3. When people (your employees, peers, boss, son or daughter, wife or husband) tell you about something they did that you want them to repeat – whatever it is – acknowledge it with a word or phrase. “Dad, I greased the garage door opener;” You say, “great.” Or an employee describes some extra effort they contributed, like – “Jerry was falling behind so I took a couple of minutes to give him a hand; you say, “That’s going to ensure we hit our numbers today.”
  4. A well placed word or non-verbal reaction can positively reinforce and reward better than a “Thank You,” or a “Gee, Jerry – I really appreciate your taking the time to help Bill catch-up.”
  5. Most leaders, managers and supervisors go to workshops and training classes trying to come up with scripted, wonderful, glamorous, fantastic things to do or say when an employee does something of value. Stop trying to be dramatic and start trying to “pay attention.” Ask a question; listen; say a word that indicates that what they did will have a positive effect.When I say, “I took some extra time to clean up my area;” You say, “Excellent.” End of story. No fanfare; no marching bands; no plaque or hamburger or pizza or award or wordy embarrassing praise.
  6. Understated verbal comments about value added employee behavior have a better effect than gushy, awkward accolades. Understated and natural words and expressions of approval work best. Words like, “Interesting, great, how did you do that? Can you show me how to do that? That’s going to help all of us, good idea, creative” – attention that communicates approval and acknowledges effort – that’s the most powerful, untapped opportunity for leadership that exists.When I was growing up, my father rarely said anything positive about anything I did – in school or out. When he did say something like, “not bad,” I was elated – I nearly exploded with pride and self-satisfaction. When an employee comes up with a great idea and the supervisor says, “That will work,” the employee is proud to know that his efforts are not going unnoticed.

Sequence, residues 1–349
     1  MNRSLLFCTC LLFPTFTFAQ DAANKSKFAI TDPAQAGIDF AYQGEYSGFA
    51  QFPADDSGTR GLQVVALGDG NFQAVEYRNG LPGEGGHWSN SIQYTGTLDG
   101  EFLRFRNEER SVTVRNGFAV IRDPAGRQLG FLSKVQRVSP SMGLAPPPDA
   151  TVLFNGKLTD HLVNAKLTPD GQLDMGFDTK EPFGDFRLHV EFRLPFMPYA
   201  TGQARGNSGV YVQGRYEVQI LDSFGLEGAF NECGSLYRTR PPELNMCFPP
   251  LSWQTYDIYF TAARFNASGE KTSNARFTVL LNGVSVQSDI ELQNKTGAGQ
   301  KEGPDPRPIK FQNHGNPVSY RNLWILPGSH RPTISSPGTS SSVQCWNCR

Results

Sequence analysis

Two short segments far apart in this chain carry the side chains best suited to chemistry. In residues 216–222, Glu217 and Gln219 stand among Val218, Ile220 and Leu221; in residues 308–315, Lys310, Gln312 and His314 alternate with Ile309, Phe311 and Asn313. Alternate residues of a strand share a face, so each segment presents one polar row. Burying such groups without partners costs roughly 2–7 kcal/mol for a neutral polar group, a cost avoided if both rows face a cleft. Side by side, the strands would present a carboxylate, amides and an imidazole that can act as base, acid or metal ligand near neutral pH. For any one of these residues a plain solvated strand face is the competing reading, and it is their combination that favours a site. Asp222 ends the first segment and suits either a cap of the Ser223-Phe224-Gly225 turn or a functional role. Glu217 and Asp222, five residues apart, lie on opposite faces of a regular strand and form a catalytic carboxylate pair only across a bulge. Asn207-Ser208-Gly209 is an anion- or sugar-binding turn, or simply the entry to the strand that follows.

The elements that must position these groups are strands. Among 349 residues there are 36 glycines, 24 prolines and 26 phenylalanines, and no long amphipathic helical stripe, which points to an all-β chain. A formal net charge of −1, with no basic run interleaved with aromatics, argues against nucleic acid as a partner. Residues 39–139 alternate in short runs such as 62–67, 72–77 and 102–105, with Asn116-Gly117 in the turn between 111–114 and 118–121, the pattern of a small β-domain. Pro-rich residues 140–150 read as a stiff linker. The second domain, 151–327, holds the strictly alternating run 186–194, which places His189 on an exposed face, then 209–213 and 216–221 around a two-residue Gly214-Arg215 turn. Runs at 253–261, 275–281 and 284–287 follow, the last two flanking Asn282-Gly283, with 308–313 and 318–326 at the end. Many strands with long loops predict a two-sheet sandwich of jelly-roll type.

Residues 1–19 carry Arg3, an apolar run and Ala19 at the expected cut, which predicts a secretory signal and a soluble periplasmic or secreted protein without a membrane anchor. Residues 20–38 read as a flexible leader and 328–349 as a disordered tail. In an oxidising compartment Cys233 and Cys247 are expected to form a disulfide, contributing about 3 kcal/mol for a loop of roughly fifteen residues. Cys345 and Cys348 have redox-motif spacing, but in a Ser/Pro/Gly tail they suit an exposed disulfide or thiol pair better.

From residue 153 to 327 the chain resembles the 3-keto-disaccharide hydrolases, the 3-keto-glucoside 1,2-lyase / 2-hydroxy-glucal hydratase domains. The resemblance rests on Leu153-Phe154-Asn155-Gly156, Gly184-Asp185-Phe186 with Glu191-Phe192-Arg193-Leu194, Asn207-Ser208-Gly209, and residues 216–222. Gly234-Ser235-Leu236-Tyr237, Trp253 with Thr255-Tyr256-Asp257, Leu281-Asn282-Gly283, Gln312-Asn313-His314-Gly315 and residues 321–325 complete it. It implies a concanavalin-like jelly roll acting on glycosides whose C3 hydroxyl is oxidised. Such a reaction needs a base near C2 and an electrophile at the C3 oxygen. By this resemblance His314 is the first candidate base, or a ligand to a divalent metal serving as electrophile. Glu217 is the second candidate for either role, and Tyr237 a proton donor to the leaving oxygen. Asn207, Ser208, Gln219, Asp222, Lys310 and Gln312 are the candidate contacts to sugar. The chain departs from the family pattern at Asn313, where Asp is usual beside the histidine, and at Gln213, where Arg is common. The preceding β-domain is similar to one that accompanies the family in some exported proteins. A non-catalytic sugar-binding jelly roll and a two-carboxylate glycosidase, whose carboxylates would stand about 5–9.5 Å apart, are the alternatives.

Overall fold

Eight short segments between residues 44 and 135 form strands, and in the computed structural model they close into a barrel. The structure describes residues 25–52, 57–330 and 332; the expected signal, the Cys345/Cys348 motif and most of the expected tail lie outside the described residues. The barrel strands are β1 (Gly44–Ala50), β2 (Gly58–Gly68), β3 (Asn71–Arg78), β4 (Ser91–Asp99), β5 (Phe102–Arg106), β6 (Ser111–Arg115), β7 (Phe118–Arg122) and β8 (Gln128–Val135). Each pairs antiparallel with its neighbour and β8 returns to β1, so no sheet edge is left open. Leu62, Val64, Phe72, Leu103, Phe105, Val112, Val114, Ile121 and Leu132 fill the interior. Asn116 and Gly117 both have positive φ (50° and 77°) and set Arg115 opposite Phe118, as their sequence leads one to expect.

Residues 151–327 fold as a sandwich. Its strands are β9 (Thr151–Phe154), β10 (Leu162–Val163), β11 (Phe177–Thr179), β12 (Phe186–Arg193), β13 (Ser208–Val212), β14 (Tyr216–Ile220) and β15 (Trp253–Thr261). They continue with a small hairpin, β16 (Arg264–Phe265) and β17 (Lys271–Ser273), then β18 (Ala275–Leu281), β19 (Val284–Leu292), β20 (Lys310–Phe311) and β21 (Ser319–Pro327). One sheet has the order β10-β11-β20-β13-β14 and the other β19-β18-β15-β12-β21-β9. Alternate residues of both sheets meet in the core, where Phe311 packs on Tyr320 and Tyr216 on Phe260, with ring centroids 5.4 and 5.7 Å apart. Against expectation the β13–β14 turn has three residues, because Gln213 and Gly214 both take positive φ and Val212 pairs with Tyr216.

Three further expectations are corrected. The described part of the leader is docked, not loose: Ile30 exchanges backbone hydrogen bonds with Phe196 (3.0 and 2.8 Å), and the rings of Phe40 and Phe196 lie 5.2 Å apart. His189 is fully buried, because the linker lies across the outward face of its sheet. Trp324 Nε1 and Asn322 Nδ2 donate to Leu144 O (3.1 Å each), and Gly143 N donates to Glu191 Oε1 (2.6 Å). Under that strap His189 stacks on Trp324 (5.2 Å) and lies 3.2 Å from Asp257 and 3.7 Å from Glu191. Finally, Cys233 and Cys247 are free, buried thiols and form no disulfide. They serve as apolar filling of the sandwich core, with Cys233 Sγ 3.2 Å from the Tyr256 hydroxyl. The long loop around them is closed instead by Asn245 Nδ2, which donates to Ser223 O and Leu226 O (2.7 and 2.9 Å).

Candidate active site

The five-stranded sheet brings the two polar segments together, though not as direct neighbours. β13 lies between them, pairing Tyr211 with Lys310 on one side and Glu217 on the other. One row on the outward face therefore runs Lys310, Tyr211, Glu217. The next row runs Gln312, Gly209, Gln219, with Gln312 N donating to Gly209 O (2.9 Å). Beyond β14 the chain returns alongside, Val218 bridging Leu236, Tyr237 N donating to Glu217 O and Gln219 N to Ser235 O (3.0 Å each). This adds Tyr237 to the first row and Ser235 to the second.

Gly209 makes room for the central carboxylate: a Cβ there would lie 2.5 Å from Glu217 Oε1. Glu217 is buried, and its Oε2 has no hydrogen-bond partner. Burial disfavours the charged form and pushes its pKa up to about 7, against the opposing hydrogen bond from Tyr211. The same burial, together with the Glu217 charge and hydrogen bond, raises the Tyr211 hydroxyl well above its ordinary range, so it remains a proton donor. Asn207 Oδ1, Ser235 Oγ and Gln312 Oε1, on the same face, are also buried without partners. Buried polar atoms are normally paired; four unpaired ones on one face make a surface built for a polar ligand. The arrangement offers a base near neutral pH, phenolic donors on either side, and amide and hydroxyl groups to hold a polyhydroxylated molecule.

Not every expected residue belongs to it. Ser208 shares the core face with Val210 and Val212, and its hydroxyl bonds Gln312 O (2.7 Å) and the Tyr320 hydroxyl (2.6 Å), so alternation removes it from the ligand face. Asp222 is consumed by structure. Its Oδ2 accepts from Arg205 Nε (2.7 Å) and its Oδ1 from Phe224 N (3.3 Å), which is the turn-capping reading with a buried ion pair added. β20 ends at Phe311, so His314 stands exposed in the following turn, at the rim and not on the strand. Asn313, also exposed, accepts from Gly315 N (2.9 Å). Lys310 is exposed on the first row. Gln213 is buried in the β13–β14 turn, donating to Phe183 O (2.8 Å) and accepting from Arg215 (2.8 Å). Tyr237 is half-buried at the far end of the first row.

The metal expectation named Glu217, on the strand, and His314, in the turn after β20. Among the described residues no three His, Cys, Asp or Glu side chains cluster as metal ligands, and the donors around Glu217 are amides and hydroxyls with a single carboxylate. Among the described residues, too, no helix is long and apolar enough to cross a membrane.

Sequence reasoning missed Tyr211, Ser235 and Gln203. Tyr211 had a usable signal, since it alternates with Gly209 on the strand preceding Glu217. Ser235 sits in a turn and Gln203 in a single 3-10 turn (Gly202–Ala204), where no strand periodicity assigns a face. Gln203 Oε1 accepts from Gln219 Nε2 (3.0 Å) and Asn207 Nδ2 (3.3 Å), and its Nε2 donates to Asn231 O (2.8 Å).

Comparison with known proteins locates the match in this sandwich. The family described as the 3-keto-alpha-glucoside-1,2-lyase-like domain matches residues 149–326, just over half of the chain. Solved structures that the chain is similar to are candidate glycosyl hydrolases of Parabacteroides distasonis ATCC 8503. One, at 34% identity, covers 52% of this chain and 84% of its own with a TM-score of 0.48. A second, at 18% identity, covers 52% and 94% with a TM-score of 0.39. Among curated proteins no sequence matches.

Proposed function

Most of us want to influence others to do things we want them to do. The tools and methods – if the number of books on leadership are any indication – are complex and beyond the reach of the average person. WRONG; the tools and methods are so easy that nobody can make any money off of them; if supervisor and managers knew that all they had to do was stick their thumb up in the air and smile when they saw an employee doing something that was value-added, and that would cause the employee to do that more often – the consulting business would lose lot of revenue.

Talk to your employees; listen to them; maintain eye contact and nod your head; ask questions related to the context of the discussion; put in a word of approval or acknowledgment when they describe what they’ve done that will help.

I sat in a meeting with a senior executive recently where he began, “Jim, tell me how we can eliminate waste in the reprocessing area.” I nearly fell out of the chair. I spend so much time trying to get senior leaders off their soapboxes and out of their command-and-control verbal modes…I could not believe that this COO began the meeting with a question. When his direct report finished his answer, the COO had a perfect response; he said exactly the right thing to ensure the employee was rewarded. He said, “I think we need to try that.” The employee left the meeting beaming.